Close up of grass at Little Shasta Ranch
Grass versus grain, or so the story goes. But how do we know the real differences between the two? In the meat industry, using terms like grass-fed, grass-finished, or grain-finished can mean very different things for the beef associated with them.
But let's back up for a second because I just wrote "meat industry" as if it's one homogenous beast. It's not. There's a marked difference between the industrial beef world and the sustainable world of craft beef from independent farms. The industrial beef world trades away health, animal welfare, and variety for low prices, faster turnaround, and heaps of labels that mean little in the long run. Industrial beef companies don't want you to know that your USDA prime cuts may come from low cost, industrial feedlots or imported beef. It's a scary world out there for meat lovers but more on that in another post.
Let's say you already rebuffed the convenience of supermarket beef for the wonderful world of craft beef. There's still the age-old debate between grass and grain. I'll give it to you straight, using words from our co-founder Joe Heitzeberg.
Grain-finished beef is known for marbling and tenderness because grain helps cows gain weight more quickly and reliably, and because grains just tend to produce a milder steak flavor. Grass-finished beef tends to have a beefier--sometimes called “gamier”--flavor because of the nutritional complexity of pasture grasses, and it also tends to be a little leaner.
-- How to Cook Grass-Fed Steak
Not all grass is the same and not all grain is bad. The current conversation tends to say that grass-fed beef is better - period. But how can that be the case when even industrial feedlots are using grass pellets to forcefeed cattle? Industrial beef can be labeled "grassfed" without disclosing the animal welfare accompanied. So you have to know the name of the farmer and the farm that your meat comes from. Like Joe always tells me, we at Crowd Cow are disrupting the meat industry to build a global supply chain that brings craft meats directly from the farmer to you.
Okay, great, so what does that mean for you? For starters, you're probably more familiar with grain-finished beef since the industrial beef world almost exclusively finishes their feedlot cattle on grain pellets. But that doesn't mean you can't enjoy good grain-finished craft beef from farms whose grain is not commodity pellets! Grain-finishing imparts different flavors and texture than grass-finishing though both, when done well, result in exquisite tastes (that I'm getting hungry just thinking about). We've met the farmers who grow their own grain to feed their cattle, using artisanal ingredients like millet or apple pomace. Craft grain is guilt-free grain that you can feel good about. If you know the name of the farmer, you can trust that they care for their cattle.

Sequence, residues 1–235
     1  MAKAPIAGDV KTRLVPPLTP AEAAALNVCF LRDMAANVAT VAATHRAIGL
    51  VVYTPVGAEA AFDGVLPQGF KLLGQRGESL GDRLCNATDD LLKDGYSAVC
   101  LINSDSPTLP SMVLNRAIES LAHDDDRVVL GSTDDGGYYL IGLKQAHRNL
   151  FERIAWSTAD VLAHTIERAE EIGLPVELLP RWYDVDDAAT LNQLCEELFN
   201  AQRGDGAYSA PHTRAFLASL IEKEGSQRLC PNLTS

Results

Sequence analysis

The general conversation between "grass versus grain" in the craft beef world refers to the tastes, texture, and health benefits. Lynne Curry, in Pure Beef, indicates that it all comes down to fats, where grass-finished beef has healthier fats than grain-finished. Tamar Haspel for The Washington Post finds that grass-finished and grain-finished cattle vary widely depending on the farm, but well-managed farms (like the small-scale, independent farms we work with) are much better than industrial feedlots.
"Nearly all of the research comparing grain-fed to grassfed beef hinges on fats, what scientists call lipids. . . beef from animals that never ate anything but grass is consistently lower in overall fat and saturated fat. While cholesterol levels are constant no matter the feeding regiment, grassfed beef has a better balance of those fatty acids, such as stearic acid, that do not raise cholesterol."
-- Lynne Curry, Pure Beef
Grass-finished cattle from Harlow Cattle Company
Grass-finished cows contain more healthy fats than their grain-finished counterparts, but it's important to note that grass-fed and grass-finished do not mean the same thing in the meat industry. Grass-fed indicates that cattle have consumed grass for much of their life, but only grass-finished cattle lived on a diet of exclusively mother's milk and forage.
While grass-finished cows offer a leaner beef, rich in fatty nutrients, grain-finished cows are not inherently less healthy. Pasture-raised, grain-finished cows from well-managed farms can still live healthy and enjoyable lives to create tasty, nutrient-laden beef. The "well-managed farm" is key. Independent farms like Gebbers Cattle Company care for their animals by letting them graze lush pastures before finishing on homegrown grains for a healthy cut of premium grain-finished beef. These are farmers whose cattle live on pastures and snack on grains - not commodity feedlots forcefed grain pellets.
Grain-finished cattle from Gebbers Cattle Company
People's preferences vary wildly. Here in the Crowd Cow Seattle office, there are people firmly entrenched in either corner and others (like me) who happily enjoy the tasty merits of both grass- and grain-finished beef. Especially because different grasses lend different flavors, as do different grains.
I made tacos two weeks in a row, using grain-finished ground beef the first week and grass-finished ground beef the second. Everything else about my recipe was exactly the same but the tacos tasted unique! The grain-finished tacos were juicier and took on the flavor of spices more deeply, while the grass-finished had a strong beefy flavor that was lightly complimented by the spices. Two tasty sets of tacos, two weeks in a row.
Because the mellow flavor of industrial grain-finished beef is familiar to most of America, grass-finished beef can be offputting at first bite. But just as not all grain-finished beef is the same, not all grass-finished beef is the same and there are ranches like Novy Ranches whose grass-finished product is great for new-to-grass beef lovers.